is one of the cradles of civilization. It is the site of the world's first cities and writing. It was once the center of the world's economy. But today, it is better known as the country of Iraq.
For thousands of years, Mesopotamia was the centre of the world. When the Ottoman Empire was defeated in World War I, the British took control of Mesopotamia and renamed it Iraq, an Arabic word which, Fromkin says, means “well-rooted country.” The reason for the change is unclear, but it may have been to make the area sound more Arab and less Turkish.
So why did Mesopotamia change its name to Iraq?
There are a few theories.
One is that the name change was simply a reflection of the political changes that took place in the region in the early 20th century. After all, Mesopotamia was part of the Ottoman Empire until 1918, when it was divided between the British and the French. In 1932, the British Mandate for Mesopotamia was terminated and the Kingdom of Iraq was established. So, the name change may have just been a reflection of the new political reality.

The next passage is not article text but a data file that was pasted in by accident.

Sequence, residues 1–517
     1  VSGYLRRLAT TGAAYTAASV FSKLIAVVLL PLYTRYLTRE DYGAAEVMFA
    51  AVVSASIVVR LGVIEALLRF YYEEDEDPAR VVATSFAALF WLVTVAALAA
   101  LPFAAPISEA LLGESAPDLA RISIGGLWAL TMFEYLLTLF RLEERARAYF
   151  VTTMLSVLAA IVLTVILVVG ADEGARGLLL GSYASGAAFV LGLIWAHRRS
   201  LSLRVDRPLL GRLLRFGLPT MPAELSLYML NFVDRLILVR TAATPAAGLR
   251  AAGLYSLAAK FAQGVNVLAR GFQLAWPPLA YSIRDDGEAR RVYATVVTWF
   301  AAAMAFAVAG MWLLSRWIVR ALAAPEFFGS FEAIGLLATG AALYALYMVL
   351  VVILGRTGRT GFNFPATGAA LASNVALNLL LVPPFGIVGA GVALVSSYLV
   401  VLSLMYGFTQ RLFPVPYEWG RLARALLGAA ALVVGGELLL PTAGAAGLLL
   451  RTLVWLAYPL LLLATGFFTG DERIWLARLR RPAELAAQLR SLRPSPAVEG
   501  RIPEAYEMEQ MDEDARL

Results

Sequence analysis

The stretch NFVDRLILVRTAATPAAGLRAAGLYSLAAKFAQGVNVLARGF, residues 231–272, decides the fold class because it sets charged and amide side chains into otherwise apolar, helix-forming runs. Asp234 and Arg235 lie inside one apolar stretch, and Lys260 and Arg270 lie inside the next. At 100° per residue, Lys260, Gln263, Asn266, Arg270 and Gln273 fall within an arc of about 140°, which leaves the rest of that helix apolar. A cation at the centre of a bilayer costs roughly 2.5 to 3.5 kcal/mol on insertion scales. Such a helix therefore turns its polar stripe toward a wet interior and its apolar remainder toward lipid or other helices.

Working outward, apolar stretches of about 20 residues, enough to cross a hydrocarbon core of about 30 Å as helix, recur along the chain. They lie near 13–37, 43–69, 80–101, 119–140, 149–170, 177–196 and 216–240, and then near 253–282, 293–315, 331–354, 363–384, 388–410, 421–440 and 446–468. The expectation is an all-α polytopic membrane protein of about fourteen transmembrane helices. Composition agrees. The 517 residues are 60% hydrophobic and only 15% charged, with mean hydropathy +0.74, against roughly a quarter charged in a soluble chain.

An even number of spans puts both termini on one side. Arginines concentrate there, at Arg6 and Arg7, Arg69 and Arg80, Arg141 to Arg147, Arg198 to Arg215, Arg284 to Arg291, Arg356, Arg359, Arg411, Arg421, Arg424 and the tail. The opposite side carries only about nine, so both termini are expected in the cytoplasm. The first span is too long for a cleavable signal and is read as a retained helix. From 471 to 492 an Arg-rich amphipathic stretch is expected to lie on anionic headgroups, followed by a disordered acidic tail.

Another theory is that the name change was intended to distance the new country from its Ottoman past. The Ottoman Empire was a Muslim state, while Iraq is a secular state. By changing the name, the new government may have been trying to send a message that Iraq was now a different country.
Thereafter, is that it was simply a reflection of the increasing importance of the city of Baghdad in the region.
Another is that it was a political move, designed to remove any association with the Ottoman Empire, which had ruled the area for centuries.
Whatever the reason, the change of name from Mesopotamia to Iraq is a reflection of the region's complex history. Mesopotamia is a land with a long and proud history, and its name change is just one chapter in that story.